About Atrium Health Navicent Atrium Health Navicent, the leading provider of health care in central and south Georgia, is committed to its mission of elevating health and wellbeing through compassionate care. Providing more than 1,000 beds and offering care in 53 specialties at more than 50 facilities throughout the region, Atrium Health Navicent provides care for health care consumers’ through an academic medical center; community, pediatric and rehabilitation hospitals; urgent care centers; physician practices; diagnostic centers; home health; hospice and palliative care; and a life plan community. Atrium Health Navicent is dedicated to enhancing health and wellness for individuals throughout the region through nationally recognized quality care, community health initiatives and collaborative partnerships. For more information, please visit


Hamilton Medical Center again receives ACC Chest Pain Center with Primary PCI Accreditation 6:42 pm

The American College of Cardiology has again recognized Hamilton Medical Center (HMC) for its demonstrated expertise and commitment in treating patients with chest pain. HMC was awarded Chest Pain Center Accreditation with Primary PCI in March based on rigorous virtual evaluation of the staff’s ability to evaluate, diagnose and treat patients who may be experiencing a heart attack.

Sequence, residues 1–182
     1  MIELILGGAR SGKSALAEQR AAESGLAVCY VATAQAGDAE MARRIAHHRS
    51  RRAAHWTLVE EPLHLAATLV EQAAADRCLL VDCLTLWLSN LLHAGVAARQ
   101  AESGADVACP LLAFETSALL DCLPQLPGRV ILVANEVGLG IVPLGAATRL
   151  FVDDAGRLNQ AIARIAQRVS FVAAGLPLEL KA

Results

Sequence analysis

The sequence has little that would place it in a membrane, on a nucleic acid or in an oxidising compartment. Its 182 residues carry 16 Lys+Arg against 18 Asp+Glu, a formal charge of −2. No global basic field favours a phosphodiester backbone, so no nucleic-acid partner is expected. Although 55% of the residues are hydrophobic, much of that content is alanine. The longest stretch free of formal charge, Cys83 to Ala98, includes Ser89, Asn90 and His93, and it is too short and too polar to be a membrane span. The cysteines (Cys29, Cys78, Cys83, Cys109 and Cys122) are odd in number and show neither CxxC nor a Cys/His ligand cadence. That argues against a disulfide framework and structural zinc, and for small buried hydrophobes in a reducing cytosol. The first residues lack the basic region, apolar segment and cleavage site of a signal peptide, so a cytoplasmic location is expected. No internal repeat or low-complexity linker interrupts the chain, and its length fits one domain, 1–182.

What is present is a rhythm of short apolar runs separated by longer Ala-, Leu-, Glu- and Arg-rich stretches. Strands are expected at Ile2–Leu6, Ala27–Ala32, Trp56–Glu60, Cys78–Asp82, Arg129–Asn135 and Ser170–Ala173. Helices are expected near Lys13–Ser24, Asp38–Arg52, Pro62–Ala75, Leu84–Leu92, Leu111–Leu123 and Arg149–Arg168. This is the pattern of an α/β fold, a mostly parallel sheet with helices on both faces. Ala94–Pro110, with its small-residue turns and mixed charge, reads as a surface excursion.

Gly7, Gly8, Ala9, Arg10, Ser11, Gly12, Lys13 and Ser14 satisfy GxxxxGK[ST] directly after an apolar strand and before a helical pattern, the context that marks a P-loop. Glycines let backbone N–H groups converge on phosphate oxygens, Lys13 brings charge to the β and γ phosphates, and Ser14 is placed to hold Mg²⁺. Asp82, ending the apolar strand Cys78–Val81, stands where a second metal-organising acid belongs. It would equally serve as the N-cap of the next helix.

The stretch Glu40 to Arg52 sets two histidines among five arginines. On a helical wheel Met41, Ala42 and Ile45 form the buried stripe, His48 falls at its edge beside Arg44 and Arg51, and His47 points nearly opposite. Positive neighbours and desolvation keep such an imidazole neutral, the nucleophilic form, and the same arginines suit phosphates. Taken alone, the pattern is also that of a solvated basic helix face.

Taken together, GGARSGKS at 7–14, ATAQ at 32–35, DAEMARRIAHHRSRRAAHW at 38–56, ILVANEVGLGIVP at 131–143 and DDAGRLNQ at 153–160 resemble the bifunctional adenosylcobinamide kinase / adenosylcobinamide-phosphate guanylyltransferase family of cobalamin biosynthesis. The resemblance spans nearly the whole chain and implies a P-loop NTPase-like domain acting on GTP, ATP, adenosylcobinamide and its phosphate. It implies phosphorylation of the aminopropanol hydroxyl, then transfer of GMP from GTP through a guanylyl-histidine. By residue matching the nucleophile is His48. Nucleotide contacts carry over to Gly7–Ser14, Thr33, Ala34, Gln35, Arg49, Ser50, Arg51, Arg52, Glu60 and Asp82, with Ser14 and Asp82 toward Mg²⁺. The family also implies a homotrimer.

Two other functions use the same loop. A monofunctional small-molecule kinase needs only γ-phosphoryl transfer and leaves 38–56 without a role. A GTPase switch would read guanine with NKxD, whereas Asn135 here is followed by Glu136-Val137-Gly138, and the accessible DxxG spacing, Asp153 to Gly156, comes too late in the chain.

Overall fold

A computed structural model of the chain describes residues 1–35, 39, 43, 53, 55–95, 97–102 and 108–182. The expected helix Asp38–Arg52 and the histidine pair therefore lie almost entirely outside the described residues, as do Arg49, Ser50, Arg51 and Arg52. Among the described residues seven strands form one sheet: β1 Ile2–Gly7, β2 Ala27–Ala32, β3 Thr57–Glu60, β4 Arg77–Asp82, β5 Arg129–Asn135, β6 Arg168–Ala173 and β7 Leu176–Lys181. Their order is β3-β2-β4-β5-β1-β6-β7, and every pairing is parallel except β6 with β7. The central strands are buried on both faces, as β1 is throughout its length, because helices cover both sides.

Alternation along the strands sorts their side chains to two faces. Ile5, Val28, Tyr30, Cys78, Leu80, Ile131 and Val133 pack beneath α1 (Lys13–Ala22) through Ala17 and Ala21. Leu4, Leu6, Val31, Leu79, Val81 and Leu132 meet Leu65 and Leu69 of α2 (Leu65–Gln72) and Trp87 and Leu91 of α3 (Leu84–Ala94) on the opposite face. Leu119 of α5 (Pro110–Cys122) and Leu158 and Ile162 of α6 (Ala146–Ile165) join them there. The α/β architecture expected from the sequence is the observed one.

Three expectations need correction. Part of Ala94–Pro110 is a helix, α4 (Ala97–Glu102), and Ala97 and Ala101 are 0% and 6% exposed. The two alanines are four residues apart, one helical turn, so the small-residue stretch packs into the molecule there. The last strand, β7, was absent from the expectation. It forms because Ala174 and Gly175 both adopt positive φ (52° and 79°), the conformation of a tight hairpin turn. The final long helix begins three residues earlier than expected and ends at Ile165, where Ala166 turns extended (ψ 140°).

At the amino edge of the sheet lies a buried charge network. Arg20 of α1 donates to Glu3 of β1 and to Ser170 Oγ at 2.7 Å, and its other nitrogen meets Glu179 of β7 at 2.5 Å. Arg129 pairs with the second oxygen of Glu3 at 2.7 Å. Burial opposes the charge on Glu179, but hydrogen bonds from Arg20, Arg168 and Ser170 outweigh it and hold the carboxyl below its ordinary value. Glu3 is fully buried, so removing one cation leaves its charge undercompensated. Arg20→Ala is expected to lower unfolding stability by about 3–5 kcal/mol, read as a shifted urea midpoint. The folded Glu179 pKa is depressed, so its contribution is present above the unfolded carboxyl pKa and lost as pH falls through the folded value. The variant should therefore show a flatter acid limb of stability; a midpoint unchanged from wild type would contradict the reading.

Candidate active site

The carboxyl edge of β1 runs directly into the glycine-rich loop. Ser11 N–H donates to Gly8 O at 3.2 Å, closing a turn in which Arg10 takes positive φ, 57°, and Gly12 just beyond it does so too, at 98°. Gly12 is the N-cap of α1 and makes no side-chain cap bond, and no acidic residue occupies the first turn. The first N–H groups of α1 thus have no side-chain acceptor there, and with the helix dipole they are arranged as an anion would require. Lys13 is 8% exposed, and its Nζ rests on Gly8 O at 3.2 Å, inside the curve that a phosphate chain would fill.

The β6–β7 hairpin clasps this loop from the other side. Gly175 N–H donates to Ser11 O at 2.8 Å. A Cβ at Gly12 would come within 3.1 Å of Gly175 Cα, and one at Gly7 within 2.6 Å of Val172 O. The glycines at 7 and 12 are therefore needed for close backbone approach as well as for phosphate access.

According to the Centers for Disease Control and Prevention, more than 730,000 Americans suffer a heart attack each year. The most common symptom of a heart attack for both men and women is chest pain or discomfort. However, women are more likely to have atypical symptoms. Other heart attack symptoms include, but are not limited to, tingling or discomfort in one or both arms, back, shoulder, neck or jaw, shortness of breath, cold sweat, unusual tiredness, heartburn-like feeling, nausea or vomiting, sudden dizziness and fainting.


Percutaneous coronary intervention (PCI) is also known as coronary angioplasty. It is a non-surgical procedure that opens narrowed or blocked coronary arteries with a balloon to relieve symptoms of heart disease or reduce heart damage during or after a heart attack.


Hospitals that have earned ACC Chest Pain Center with Primary PCI Accreditation have proven exceptional competency in treating patients with heart attack symptoms and have primary PCI available 24/7 every day of the year. As required to meet the criteria of the accreditation designation, they have streamlined their systems from admission to evaluation to diagnosis and treatment all the way through to appropriate post-discharge care and recommendations and assistance in patient lifestyle changes.